Old-fashioned compromise

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The Independent Online
The Department of Health has struck an old-fashioned if ingenious compromise with the leaders of 600,000 workers in National Health Service trusts.

In fact, the deal agreed early yesterday probably gives the unions more than they dared hope. While employees' representatives have conceded the important principle of local pay negotiations, they have maintained a strong national input into wage bargaining. The scope for pay variations at trust level is strictly circumscribed. The issue of locally varied employment conditions has been "put on the back burner".

This contrasts with the Government's initial intention to introduce full- bloodied local pay bargaining in all 500 trusts. The aim was to ensure that each organisation was highly sensitive to its local labour market and, as a corollary, the unions would lose national negotiating power in the country's biggest bargaining group.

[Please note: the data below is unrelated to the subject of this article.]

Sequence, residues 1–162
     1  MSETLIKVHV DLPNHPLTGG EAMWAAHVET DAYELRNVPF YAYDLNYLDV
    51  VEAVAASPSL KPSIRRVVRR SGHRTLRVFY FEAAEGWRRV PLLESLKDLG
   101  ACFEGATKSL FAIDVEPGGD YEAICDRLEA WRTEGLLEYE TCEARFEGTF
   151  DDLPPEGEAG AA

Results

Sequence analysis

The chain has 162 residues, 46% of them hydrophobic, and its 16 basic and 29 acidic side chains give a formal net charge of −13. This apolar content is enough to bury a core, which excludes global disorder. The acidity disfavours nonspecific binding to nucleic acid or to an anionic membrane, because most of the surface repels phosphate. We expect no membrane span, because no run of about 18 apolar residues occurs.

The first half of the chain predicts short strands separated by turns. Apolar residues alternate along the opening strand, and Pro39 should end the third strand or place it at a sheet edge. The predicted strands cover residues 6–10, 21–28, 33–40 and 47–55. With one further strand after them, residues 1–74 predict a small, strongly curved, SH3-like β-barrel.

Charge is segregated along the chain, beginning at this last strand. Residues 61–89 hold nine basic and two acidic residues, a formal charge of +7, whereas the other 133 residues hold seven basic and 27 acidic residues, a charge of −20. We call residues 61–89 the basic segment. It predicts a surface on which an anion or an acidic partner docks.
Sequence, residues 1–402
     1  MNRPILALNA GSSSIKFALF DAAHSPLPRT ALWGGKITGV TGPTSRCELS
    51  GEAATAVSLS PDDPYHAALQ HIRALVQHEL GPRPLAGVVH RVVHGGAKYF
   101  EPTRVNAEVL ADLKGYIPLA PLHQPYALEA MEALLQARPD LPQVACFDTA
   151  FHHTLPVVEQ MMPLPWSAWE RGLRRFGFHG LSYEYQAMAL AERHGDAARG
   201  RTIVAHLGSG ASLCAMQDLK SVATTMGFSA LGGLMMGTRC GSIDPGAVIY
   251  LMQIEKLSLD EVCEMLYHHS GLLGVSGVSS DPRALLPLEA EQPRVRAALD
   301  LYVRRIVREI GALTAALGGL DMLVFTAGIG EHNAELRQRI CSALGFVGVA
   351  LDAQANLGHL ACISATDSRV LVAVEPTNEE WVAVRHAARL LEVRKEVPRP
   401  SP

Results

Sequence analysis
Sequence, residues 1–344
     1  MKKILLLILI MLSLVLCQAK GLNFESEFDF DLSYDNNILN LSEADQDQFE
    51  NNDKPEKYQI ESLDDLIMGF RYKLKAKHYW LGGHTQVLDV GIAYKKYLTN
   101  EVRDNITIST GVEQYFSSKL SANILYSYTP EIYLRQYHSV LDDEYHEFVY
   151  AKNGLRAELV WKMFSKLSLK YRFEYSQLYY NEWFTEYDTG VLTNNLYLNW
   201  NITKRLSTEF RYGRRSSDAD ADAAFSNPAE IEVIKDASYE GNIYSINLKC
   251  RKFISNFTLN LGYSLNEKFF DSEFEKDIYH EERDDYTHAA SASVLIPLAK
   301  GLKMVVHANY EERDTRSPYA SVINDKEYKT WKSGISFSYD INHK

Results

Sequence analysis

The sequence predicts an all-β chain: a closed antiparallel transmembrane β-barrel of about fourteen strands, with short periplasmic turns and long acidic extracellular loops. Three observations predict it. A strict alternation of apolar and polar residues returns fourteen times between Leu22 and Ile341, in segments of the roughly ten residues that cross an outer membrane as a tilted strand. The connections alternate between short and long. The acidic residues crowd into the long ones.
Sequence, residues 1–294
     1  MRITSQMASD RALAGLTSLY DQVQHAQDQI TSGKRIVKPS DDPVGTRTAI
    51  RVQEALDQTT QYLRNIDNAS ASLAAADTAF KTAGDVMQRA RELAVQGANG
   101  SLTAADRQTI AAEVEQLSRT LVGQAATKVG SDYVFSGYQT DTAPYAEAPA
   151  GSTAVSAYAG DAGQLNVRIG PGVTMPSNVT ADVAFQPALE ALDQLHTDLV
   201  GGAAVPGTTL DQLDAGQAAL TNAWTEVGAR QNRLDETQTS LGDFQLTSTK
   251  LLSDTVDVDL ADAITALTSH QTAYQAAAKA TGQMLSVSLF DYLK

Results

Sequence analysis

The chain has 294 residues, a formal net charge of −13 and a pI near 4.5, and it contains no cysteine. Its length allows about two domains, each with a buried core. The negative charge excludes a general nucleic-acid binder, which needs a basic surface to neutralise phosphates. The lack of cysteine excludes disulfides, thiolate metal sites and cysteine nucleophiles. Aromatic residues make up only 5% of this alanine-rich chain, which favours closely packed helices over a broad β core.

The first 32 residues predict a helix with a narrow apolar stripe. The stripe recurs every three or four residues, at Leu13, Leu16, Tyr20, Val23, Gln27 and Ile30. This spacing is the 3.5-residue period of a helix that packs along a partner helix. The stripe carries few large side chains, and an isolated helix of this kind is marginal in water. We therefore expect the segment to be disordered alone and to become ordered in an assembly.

Over the last year the line has been toned down under the pragmatic Ken Jarrold, the NHS's human resources director. He began to talk about "local bargaining in a national framework". His opposite number, Bob Abberley, head of health at public service union Unison, preferred "national bargaining in a local framework". A deal was possible.

Under the formula, pay will initially be determined locally. At the end of the "bargaining season" employees and unions will agree a figure which "reflects the outcome of the local settlements" for a range of different jobs. The following year the pay of all NHS staff who fell behind will be uprated to that figure as a starting point for a new round. The nurses' pay review body and the national Whitley council machinery would also retain their function of recommending a national increase to the Government based on the outcome of local settlements and other evidence from unions and employers.

Following those processes individual trusts would then be free to negotiate further increases. Given the national input into pay rates, trusts will have little scope for additional deals. Mr Abberley calculates it would be little more than half a percentage point, while Mr Jarrold has adopted a "gradualist" approach.

This year NHS staff have been offered 1 per cent nationally and up to 2 per cent from local talks. The formula will operate in full from next April.

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